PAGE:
What Is The Schengen Area & Why Does It Matter?

In recent news, the US government has banned all flights to and from all countries in the European Schengen Area. But why? Why a blanket ban over most of Europe but countries like the United Kingdom are excepted?

Schengen
What is the special border between different European nations? Photo: Getty Images

What is the Schengen Zone?

The Schengen Area or Zone is a special area that allows free movement of people throughout each of the member countries. They do not need a visa, they don’t need to declare their intentions (ala business or pleasure) and they can stay there as long as possible (even move in and get a job).

In fact, many of the borders between each of the countries don’t actually have any barriers. That means that highways pass through without any checkpoints and in the case of air travel, passengers can board and land at many different airports without immigration. It is almost the same as traveling within the United States, but you do need to carry your passport.

Map of Europe. Navy represents countries in the Schengen Zone, green and yellow are countries outside the zone. Photo: Wikipedia

Which countries are part of the Schengen Zone?

It is part of the unifying principles that make up the European Union, but not every country that is a member of the European Union actually abide by it.

The countries that allow free passage from other member countries are:

Austria, Hungary, Norway, Belgium, Iceland, Poland, Czech Republic, Italy, Portugal, Denmark, Latvia, Slovakia, Estonia, Liechtenstein, Slovenia, Finland, Lithuania, Spain, France, Luxembourg, Sweden, Germany, Malta, Switzerland, Greece, and the Netherlands.

Notably, there are a few European countries that don’t actually allow free travel and are a bit more complex to get into (and you might need a visa despite having one for the Schengen area).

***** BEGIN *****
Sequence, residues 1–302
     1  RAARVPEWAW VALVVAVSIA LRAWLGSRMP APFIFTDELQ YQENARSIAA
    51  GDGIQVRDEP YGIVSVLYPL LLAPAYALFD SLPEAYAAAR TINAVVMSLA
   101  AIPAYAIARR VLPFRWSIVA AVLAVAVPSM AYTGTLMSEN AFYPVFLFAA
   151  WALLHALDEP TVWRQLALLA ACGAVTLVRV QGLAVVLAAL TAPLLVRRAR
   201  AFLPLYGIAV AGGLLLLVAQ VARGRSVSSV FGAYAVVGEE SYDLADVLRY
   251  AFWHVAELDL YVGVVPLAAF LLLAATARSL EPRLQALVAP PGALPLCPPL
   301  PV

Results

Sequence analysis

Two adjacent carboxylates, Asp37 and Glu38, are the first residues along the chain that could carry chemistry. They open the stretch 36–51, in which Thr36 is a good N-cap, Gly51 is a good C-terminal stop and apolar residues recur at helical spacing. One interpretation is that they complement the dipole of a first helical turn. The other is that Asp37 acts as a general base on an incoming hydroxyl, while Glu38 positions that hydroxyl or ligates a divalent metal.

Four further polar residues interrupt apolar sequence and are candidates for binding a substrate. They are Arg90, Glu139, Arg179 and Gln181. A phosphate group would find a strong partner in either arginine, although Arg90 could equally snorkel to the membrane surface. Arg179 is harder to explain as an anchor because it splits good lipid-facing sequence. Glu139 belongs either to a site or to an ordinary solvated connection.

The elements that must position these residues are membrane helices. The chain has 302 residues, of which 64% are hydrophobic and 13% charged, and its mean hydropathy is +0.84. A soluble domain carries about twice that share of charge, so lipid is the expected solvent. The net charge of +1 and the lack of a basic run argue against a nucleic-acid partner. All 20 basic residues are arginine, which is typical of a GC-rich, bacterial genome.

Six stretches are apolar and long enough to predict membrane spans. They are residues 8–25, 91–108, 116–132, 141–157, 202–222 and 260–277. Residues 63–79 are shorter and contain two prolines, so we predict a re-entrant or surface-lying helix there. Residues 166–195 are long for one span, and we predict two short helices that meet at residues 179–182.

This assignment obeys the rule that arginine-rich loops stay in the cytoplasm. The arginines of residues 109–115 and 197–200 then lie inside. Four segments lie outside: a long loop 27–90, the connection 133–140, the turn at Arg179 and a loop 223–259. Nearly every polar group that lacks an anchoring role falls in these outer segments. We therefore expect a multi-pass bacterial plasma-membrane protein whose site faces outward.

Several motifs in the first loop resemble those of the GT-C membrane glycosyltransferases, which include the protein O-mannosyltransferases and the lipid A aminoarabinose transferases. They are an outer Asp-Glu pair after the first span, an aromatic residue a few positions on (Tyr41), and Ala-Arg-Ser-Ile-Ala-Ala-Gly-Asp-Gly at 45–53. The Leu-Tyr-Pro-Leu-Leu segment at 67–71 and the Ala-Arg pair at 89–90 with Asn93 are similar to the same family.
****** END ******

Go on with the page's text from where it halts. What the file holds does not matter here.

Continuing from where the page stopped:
Ireland is a member of the EU, but not a member of the Schengen Zone. They do not allow free passage to their country. Croatia, Romania, and Bulgaria are joined the EU but are not yet allowing free travel in their borders. Many EU citizens have access to these countries without issues, but they are technically not part of the Schengen Zone.

What does it mean for the coronavirus?

With the news that the United States has banned all flights to and from the Schengen Zone for the next 30 days, this means that the list above is the definitive list of destinations no longer allowed by the US government.

However, as pointed out by the US, this does not apply to countries outside of the Schengen Zone (despite them being in the EU) such as Ireland, Britain, Croatia, Cyprus, Turkey, and Ukraine.

Now, these countries are all right next to Europe and technically could have the virus. But thanks to their border policies and lack of free movement of people, the US government believes that this will greatly reduce the flow of the virus from Europe to the United States. Europe has not been a source of the coronavirus, but it has been hit hard with countries like Italy reporting 12,000 cases.

Some of these unreported cases may be traveling to other areas in Europe and spreading it there, and the United States doesn’t want to take any chances.

What do you think? Are you affected by this ban? Let us know in the comments.

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